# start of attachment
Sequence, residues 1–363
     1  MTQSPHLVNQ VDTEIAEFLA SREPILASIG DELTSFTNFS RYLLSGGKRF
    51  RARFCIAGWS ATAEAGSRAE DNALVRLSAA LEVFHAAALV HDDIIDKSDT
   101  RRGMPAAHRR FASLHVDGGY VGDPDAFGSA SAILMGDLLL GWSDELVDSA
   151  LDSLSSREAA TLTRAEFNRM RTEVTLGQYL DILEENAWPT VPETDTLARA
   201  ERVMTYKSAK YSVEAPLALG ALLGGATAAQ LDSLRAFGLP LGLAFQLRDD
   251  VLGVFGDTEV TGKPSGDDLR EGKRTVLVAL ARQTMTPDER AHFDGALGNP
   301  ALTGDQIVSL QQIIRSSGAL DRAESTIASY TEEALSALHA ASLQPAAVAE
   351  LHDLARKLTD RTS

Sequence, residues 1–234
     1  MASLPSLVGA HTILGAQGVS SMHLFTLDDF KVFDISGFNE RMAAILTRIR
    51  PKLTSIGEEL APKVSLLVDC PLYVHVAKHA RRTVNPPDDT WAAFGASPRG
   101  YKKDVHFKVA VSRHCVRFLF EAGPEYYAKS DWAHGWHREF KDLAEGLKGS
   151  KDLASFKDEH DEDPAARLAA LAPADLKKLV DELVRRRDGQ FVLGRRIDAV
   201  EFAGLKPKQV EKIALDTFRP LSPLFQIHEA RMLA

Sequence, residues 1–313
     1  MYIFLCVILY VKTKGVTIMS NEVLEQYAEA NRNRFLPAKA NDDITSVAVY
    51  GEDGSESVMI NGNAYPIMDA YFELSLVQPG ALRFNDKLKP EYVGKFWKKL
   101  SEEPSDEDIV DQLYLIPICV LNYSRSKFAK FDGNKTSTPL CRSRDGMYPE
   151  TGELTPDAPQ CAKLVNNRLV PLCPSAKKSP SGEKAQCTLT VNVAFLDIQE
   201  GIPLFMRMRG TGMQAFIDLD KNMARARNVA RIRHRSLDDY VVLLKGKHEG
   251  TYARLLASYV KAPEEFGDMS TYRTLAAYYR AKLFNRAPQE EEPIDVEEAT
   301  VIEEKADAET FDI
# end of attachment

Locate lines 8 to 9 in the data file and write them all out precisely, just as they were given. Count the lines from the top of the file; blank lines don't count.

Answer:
   301  ALTGDQIVSL QQIIRSSGAL DRAESTIASY TEEALSALHA ASLQPAAVAE
   351  LHDLARKLTD RTS